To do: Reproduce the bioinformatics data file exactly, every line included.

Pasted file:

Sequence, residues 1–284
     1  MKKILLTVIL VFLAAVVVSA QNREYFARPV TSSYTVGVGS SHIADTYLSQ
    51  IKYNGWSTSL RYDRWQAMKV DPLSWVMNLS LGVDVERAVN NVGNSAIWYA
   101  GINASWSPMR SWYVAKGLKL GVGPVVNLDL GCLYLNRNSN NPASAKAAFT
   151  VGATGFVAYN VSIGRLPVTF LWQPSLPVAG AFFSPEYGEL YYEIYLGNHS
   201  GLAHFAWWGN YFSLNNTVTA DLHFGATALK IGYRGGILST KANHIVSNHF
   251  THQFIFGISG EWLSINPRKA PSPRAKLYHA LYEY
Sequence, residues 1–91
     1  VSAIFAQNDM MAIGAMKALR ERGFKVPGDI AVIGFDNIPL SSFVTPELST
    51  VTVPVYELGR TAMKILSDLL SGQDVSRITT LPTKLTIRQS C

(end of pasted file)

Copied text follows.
Sequence, residues 1–284
     1  MKKILLTVIL VFLAAVVVSA QNREYFARPV TSSYTVGVGS SHIADTYLSQ
    51  IKYNGWSTSL RYDRWQAMKV DPLSWVMNLS LGVDVERAVN NVGNSAIWYA
   101  GINASWSPMR SWYVAKGLKL GVGPVVNLDL GCLYLNRNSN NPASAKAAFT
   151  VGATGFVAYN VSIGRLPVTF LWQPSLPVAG AFFSPEYGEL YYEIYLGNHS
   201  GLAHFAWWGN YFSLNNTVTA DLHFGATALK IGYRGGILST KANHIVSNHF
   251  THQFIFGISG EWLSINPRKA PSPRAKLYHA LYEY
Sequence, residues 1–91
     1  VSAIFAQNDM MAIGAMKALR ERGFKVPGDI AVIGFDNIPL SSFVTPELST
    51  VTVPVYELGR TAMKILSDLL SGQDVSRITT LPTKLTIRQS C